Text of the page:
And third, the preaching pastor’s interpretation of the Bible must be canonical in character; that is, it must treat the Bible as our rule of faith and life. “Canon,” after all, is Greek for “rule, standard,” and when used of the Bible it signifies the function of control every time. Christians live, move, and exist under the direction and correction of the written word of God. (I assume, in developing this point, that the God-given canon consists of the 66 books that all Christendom recognizes.) Canonical interpretation of the Bible has three key qualities.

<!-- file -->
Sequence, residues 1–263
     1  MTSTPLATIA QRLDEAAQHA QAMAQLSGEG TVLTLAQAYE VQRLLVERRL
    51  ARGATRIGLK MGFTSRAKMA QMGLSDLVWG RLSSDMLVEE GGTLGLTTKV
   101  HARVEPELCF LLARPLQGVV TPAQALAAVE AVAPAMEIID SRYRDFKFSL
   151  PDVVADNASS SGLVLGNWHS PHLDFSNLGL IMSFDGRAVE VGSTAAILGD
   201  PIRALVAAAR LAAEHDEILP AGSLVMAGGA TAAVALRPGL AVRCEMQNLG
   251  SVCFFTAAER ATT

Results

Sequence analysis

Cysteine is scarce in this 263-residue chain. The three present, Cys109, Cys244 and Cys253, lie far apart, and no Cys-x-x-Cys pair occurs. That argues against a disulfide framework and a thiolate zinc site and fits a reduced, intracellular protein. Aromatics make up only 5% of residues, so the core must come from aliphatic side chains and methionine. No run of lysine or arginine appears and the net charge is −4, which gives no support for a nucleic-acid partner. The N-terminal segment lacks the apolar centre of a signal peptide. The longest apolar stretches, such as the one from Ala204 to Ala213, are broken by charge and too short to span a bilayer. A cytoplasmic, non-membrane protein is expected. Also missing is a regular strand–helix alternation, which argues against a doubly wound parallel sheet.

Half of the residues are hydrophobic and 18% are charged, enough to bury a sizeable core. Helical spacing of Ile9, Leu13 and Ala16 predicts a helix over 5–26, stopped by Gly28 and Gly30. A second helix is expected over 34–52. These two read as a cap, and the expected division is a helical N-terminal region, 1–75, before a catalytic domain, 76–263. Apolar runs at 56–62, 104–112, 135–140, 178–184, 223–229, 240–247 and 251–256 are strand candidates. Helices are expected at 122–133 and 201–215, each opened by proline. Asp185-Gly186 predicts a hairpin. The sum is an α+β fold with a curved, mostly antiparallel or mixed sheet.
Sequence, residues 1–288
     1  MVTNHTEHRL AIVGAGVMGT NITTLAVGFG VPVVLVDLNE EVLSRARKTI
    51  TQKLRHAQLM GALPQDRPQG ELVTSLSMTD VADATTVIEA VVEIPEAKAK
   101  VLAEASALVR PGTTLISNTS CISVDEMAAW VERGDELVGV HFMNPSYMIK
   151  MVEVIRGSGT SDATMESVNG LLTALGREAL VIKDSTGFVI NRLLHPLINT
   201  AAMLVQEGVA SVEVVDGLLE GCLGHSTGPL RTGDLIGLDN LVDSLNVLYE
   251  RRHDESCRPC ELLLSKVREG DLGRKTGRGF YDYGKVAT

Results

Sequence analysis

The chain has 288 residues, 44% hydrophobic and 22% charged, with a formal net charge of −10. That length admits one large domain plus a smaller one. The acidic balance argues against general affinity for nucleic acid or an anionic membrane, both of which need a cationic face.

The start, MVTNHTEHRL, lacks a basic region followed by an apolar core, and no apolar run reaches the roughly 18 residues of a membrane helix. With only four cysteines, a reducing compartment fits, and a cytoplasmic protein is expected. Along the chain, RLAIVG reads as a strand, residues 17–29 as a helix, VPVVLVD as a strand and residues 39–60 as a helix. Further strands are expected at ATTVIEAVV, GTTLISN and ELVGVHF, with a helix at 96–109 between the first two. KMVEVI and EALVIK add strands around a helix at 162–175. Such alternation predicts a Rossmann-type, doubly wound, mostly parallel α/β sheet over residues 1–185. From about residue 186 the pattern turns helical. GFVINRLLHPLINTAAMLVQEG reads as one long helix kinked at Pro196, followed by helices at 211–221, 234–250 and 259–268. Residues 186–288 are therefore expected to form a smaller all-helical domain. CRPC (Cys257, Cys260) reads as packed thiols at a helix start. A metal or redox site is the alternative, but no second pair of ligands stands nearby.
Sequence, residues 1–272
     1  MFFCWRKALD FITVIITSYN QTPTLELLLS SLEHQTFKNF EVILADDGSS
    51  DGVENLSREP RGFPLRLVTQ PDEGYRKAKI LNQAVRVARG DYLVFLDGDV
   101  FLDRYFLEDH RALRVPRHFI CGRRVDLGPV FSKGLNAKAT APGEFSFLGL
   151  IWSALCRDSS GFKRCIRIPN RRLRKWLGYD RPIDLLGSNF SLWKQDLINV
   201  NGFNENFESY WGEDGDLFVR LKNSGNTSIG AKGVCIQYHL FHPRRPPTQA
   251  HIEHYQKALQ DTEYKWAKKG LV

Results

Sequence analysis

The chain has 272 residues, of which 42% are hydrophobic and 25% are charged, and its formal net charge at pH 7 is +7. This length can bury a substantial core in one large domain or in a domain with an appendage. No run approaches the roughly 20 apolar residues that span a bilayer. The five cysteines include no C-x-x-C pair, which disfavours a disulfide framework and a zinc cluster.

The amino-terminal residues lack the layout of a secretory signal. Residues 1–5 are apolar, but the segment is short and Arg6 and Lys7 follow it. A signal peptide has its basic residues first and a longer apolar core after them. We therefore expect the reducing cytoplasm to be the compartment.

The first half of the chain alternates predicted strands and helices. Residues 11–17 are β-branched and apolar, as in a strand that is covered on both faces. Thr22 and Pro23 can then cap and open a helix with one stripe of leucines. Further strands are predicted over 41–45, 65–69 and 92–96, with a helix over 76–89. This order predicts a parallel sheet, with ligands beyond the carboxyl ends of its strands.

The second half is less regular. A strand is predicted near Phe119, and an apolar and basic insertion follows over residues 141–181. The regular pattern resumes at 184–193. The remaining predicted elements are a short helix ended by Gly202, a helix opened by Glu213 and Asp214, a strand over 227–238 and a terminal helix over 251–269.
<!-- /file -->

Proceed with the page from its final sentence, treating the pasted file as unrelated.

(1) It is coherent Anglican Article 20 says that the Church may not “so expound one place of Scripture, that it be repugnant to another,” and what is forbidden to the church as such is forbidden to all its agents too. The reason is simply that the Holy Spirit, whose creative and overruling action upon the Bible writers gave us the inspired text, knows his own mind and does not contradict himself, any more than versatile authors like C. S. Lewis, Charles Williams, and G. K. Chesterton, who also expressed convic­tions in and through a wide variety of literary forms, contra­dicted themselves in so doing. It has often been said that it is impossible to acquit the Bible of factual self-contradiction, but the basis for that assertion seems at every point to be unawareness of the linguistic and literary limits and the cul­turally-determined conventions of communication that were operating, and when account is taken of these the accusa­tion does not stick. More recently it has been fashionable to accuse the New Testament of theological inconsistency, but once one sees that the logical index of meaning is the infer­ences drawn from each declaration, and that the same truth (same in the sense of yielding the same inferences) can be expressed in different ways, using different pictures, analo­gies, and technical terms this accusation also dissolves away. Thus, Paul, John, and the writer to the Hebrews, who have very different vocabularies, intellectual resources, and expos­itory styles, can be shown to be entirely at one in their delineation of the person, ministry, and significance of our Lord Jesus Christ, and in their understanding of the gospel of grace that has him at its center. This principle of the internal coherence and consistency of Scripture, the principle traditionally called the analogy of faith or the analogy of Scripture, must always be observed as we preach, and no less as we study with a view to preaching.